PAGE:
Another database that should be useful to you is Connecticut Botanical Society's Gallery of Connecticut Wildflowers.  It contains both native and introduced plants and it designates their origin in the information for each plant. You can see lists of common and scientific names or you can browse by flower color.

Delaware Wildflowers covers flowers a little further away than Connecticut, but there should be a lot of overlap with plants in your area.  You can search by flower color, common or scientific name, family or bloom month.

Another interactive database, My Wildflowers.com, features "wildflowers from the trails of western Pennsylvania".  The database includes both native and introduced plants but they don't tell you which ones are native or which aren't.  They do, however, indicate which plants are invasive.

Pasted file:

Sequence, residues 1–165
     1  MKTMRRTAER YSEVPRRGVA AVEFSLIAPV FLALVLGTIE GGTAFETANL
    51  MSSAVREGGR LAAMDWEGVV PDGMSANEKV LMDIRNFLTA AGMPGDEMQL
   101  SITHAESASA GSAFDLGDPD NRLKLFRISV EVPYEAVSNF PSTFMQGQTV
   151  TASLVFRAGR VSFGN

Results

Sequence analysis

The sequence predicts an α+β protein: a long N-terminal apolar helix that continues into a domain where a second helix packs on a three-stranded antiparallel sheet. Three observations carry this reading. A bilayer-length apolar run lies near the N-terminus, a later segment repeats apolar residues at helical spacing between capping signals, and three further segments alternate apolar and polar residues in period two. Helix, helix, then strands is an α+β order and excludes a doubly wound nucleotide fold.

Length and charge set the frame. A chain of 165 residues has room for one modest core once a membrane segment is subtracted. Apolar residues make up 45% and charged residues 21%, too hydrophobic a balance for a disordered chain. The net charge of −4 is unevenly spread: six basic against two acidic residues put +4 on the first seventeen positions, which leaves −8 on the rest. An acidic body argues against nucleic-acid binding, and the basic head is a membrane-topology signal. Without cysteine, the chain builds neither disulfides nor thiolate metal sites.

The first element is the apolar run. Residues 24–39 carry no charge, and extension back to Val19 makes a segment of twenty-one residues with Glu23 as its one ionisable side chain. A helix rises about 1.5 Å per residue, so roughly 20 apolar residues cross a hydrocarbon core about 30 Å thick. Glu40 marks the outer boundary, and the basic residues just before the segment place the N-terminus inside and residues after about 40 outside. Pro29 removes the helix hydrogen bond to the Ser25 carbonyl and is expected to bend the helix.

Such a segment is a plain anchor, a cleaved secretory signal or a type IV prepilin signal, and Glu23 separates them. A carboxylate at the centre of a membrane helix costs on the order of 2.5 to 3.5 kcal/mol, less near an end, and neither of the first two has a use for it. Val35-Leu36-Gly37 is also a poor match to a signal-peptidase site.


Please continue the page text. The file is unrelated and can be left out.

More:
Really, the best way to learn how to identify plants is to go on a field trip with someone who is experienced in plant identification.  You might consider getting in touch with and/or joining the Long Island Botanical Society.  The Society has field trips to various areas led by experienced people who know their native plants.  Also, check with Nature Centers in your area to see if they native plant programs.

Best of luck learning the native plants in your area.  Be patient.  It can be very satisfying!

 

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Bibliography

National Audubon Society Field Guide to North American Wildflowers : Eastern Region (2001) J. W. Thieret; W. A. Niering; N. C. Olmstead

Newcomb's Wildflower Guide (1989) Newcomb, L.

Weeds of the Northeast (1997) Uva, R.H., J.C. Neal & J. M. Ditomaso

Wild Urban Plants of the Northeast: A Field Guide (2010) Del Tredici, P.

Wildflowers of New York in Color (1998) Chapman, W.K.